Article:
You can reduce the sharpness of the resonance by using a small resistor rather than plain wire to connect to the circuit. Damping the resonance allows you to make meaningful signal measurements but at reduced bandwidth. Without damping, the ringing introduced by the extension wire may mask the actual signal behavior.

Figure 1 shows such a damped resonance resulting from adding 10 nH in series with 50 Ω between the probe tip and the signal source. Although the simplified probe model cannot accurately describe the behavior of a real probe at high frequencies, a resonance will occur. Its location depends on the series L and R values and the probe input C, but the probe cable and tailbox components will alter its effect on the probe output. The overall result is reduced bandwidth.

Low-Impedance Probes

If you’re working with logic signals rather than very sensitive high source-impedance analog signals, a 10-MΩ input resistance is unimportant. By using a properly terminated 50-Ω coaxial cable as one part of a resistive divider, exceptionally well-behaved, high-frequency probes can be made. Typically, the input resistor is 950 Ω to give a 1-kΩ input impedance and 20:1 attenuation. This type of probe exhibits only very small input capacitance, so loading effects are much less than those of a 10-MΩ 10:1 probe at high frequencies.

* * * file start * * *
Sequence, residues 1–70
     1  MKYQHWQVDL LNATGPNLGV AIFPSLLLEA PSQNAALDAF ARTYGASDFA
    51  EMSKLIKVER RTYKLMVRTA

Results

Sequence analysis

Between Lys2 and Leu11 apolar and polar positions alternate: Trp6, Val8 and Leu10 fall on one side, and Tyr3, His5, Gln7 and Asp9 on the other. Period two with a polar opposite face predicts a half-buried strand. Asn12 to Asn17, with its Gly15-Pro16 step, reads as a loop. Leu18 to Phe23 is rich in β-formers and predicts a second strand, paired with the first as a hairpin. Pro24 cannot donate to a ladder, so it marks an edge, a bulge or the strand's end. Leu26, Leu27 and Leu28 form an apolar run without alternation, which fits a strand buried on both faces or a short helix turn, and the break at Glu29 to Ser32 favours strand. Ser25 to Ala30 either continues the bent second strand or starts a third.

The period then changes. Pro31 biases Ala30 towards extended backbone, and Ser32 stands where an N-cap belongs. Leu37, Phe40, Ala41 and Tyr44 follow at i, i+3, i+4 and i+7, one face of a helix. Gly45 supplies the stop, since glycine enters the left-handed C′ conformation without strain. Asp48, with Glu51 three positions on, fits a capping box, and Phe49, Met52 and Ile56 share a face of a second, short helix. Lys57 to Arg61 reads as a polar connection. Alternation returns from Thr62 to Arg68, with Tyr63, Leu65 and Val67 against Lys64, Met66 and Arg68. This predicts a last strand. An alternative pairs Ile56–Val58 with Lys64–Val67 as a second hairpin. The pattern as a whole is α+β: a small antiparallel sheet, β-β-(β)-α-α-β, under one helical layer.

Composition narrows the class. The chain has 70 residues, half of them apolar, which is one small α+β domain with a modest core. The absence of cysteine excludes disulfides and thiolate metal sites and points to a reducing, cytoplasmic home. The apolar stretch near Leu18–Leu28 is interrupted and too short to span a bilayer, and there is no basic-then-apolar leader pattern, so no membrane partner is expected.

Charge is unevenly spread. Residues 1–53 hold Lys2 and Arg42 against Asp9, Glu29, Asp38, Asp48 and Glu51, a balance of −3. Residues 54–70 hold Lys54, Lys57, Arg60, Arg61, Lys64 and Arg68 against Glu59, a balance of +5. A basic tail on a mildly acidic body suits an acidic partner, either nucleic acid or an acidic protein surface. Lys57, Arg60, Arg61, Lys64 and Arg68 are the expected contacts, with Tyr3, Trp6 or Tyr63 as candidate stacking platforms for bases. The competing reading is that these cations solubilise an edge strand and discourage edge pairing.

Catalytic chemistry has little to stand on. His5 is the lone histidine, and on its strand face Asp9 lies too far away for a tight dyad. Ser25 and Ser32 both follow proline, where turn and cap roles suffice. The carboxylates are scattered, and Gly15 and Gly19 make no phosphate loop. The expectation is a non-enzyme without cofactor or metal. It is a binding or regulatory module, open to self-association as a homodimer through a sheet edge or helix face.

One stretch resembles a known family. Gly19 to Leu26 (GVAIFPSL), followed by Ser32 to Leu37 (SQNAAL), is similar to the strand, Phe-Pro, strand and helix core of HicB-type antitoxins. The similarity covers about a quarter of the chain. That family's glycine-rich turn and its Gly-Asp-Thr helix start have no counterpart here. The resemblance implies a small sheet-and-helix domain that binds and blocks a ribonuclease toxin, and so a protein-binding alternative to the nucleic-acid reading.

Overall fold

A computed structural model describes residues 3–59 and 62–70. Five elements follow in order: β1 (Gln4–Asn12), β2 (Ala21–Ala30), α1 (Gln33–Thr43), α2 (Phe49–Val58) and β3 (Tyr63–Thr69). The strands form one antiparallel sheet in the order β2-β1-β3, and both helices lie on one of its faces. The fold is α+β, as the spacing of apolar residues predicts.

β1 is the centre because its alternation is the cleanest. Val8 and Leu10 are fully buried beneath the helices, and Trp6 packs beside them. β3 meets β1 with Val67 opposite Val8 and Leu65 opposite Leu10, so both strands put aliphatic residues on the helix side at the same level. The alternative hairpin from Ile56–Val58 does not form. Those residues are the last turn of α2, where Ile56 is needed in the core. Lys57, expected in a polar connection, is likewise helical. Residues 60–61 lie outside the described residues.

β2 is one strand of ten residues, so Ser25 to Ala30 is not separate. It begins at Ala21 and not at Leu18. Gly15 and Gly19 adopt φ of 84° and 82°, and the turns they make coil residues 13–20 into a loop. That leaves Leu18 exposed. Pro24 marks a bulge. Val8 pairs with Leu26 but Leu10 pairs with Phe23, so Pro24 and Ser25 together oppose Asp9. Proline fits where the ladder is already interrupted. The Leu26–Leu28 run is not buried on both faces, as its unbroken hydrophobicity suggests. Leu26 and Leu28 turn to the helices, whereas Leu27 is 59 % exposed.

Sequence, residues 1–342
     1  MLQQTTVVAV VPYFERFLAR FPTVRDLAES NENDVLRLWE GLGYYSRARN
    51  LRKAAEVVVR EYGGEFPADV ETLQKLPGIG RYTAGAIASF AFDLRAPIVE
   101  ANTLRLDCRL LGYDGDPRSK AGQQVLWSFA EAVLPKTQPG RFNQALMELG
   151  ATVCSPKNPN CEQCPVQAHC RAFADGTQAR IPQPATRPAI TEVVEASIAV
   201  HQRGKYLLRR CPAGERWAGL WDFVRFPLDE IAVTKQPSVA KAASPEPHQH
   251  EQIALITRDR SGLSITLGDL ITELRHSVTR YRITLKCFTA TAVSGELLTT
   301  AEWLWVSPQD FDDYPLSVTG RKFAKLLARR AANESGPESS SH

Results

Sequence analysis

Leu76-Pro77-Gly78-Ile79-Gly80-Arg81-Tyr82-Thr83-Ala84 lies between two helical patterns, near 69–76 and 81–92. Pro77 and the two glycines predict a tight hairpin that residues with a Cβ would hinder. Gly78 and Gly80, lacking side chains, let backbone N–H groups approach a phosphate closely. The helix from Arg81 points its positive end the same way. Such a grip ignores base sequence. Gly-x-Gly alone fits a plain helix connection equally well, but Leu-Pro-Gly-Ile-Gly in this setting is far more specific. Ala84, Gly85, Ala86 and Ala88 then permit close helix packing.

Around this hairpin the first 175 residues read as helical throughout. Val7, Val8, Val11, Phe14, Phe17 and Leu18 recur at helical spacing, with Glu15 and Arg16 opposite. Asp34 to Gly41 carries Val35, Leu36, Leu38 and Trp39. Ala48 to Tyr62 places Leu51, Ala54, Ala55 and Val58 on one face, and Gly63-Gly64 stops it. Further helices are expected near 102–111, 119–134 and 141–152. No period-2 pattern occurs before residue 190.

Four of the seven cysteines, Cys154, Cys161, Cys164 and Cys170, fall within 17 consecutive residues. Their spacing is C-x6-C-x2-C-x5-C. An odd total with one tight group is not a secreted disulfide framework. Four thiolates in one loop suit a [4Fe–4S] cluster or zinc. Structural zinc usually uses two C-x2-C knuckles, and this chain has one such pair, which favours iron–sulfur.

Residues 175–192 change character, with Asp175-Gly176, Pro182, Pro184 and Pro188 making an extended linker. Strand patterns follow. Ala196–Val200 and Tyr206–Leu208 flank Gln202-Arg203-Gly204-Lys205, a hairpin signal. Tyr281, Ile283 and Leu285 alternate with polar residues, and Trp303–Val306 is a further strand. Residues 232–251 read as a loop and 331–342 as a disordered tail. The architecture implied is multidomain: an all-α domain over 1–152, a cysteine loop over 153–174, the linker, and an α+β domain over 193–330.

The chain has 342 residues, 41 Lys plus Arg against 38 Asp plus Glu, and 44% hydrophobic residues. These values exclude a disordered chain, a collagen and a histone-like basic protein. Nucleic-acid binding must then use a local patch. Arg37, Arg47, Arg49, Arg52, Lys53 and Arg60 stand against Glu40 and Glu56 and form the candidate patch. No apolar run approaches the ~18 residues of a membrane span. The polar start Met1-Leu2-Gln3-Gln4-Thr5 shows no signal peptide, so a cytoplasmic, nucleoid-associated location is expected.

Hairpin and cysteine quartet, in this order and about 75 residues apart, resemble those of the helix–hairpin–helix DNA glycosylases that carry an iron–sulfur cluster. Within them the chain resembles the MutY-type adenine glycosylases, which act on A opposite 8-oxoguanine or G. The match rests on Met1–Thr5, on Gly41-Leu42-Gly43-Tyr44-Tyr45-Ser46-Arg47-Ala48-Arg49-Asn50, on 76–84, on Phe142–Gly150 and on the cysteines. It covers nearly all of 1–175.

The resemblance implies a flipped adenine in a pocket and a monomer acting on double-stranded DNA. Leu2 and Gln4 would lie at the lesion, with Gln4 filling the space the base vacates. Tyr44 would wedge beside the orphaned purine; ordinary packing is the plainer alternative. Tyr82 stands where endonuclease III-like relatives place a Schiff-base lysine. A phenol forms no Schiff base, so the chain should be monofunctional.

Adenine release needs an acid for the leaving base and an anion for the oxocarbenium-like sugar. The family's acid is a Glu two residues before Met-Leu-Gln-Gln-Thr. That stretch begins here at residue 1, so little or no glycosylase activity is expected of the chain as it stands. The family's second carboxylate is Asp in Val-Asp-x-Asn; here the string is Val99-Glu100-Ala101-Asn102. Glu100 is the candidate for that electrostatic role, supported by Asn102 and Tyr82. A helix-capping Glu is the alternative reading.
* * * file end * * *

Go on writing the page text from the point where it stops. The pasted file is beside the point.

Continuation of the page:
Examples of such probes include the Agilent Technologies 54006A 6-GHz passive divider probe with a 0.25-pF input capacitance. LeCroy has a similar low-impedance probe, the Model PP066, specified to have <0.2-pF input C and a 7.5-GHz bandwidth. The Tektronix P6150 probe uses a very small SMA-compatible screw-in tip to achieve 0.15-pF input C and a 9-GHz bandwidth.